More buses!! We are getting very skilled at curling up into a half decent position for sleeping on the long bus journeys. Arrived in Chau Doc not too far past the Vietnamese border. Triangular straw hats and even more scooters were to be seen everywhere. We weren't expecting too much from Chau Doc as it was more of a stopover between places however the evening we arrived we had the option to go on a motorbike tour up a mountain, we decided to give it a go as there didn't seem to be much else going on. Our motorbike drivers arrived and placed nice colourful helmets on our heads as we hopped onto the back of their seats. I clung to the back of the bike as my driver zipped off through the village streets, it was so much fun and as we passed all the little houses children would run out to wave at us. It was only when we hit the base of the mountain that my driver really took off, next thing I knew we were flying up the hill and bumping over ramps overtaking everyone else! The seat just wasn't cutting it anymore and I found myself clinging to the driver instead, terrifying but exhilarating! We reached the top of the mountain before the rest of the group and caught the sun setting over the Cambodian and Vietnam fields at the border. We all sat around with a beer watching the sunset and preparing ourselves for the bike ride back down the mountain in the dark : ) great craic though!!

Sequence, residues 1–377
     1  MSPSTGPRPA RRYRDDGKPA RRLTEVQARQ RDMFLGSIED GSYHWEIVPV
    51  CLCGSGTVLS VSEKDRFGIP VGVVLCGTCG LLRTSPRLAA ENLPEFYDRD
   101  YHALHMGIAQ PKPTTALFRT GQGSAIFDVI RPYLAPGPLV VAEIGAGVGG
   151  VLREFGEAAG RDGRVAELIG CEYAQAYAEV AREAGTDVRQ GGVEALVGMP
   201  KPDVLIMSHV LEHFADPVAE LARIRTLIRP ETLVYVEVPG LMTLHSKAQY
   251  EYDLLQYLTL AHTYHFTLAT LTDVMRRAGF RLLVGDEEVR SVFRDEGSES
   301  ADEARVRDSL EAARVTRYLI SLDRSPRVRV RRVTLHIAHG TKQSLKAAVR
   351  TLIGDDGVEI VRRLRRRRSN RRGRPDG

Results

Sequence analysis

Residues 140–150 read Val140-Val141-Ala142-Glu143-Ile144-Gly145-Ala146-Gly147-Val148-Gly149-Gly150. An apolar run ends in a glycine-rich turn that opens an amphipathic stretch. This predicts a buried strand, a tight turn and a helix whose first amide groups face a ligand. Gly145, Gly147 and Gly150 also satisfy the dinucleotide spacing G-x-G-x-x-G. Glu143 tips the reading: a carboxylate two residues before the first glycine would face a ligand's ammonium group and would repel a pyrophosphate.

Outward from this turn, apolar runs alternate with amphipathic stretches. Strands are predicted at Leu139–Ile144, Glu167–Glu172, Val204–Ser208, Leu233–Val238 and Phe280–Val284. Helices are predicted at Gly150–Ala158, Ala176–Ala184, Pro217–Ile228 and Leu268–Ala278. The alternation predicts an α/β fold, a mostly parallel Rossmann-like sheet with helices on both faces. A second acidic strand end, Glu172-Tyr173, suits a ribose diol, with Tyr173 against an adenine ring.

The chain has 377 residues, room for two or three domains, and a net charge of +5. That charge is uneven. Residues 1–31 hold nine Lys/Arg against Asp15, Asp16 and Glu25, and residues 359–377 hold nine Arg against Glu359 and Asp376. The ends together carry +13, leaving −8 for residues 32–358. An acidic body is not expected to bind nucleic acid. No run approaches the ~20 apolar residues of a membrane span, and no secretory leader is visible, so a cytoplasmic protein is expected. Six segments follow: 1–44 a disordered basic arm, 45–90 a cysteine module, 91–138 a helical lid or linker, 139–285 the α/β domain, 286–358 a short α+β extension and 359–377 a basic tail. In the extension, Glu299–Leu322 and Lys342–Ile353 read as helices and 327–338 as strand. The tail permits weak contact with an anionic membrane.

The next day we set off again to Ho Chi Minh City. We arrived at lunch time and walked into the town to find food. We ended up in a tiny corner noodle cafe which looked pretty dodgy but had photos on the wall of Bill Clinton eating there so we figured it must be good enough : ) then we had to run to the pub to watch the rugby final, two members of the tour group were from New Zealand which made it that bit more exciting. That evening consisted of many cocktails in celebration which in turn led to karaoke... Our own private giant karaoke room where many incriminating videos were taken!
We felt the brunt of the celebrations the next morning when we had to get up early to visit the Chi Chi tunnels. During the Vietnam war the Vietnamese dug loads of underground tunnels where they slept, cooked, ate and even had hospitals, they really are extraordinary. You can go down into the tunnels and crawl through them yourself to see what it was like, they are so tiny though I only made it through the first ten meters before I freaked out and had to climb out, Roy made it to the end though and at parts had to crawl on his stomach as bats flew at his face. How the soldiers stayed down there for hours I do not know!!! At the end of the tour we had the opportunity to try shooting our choice of weapon, I went for an Ak47 which nearly deafened me and the force of it nearly knocked me back.
That night it was a sleeper train to Nha Trang, onward through Vietnam!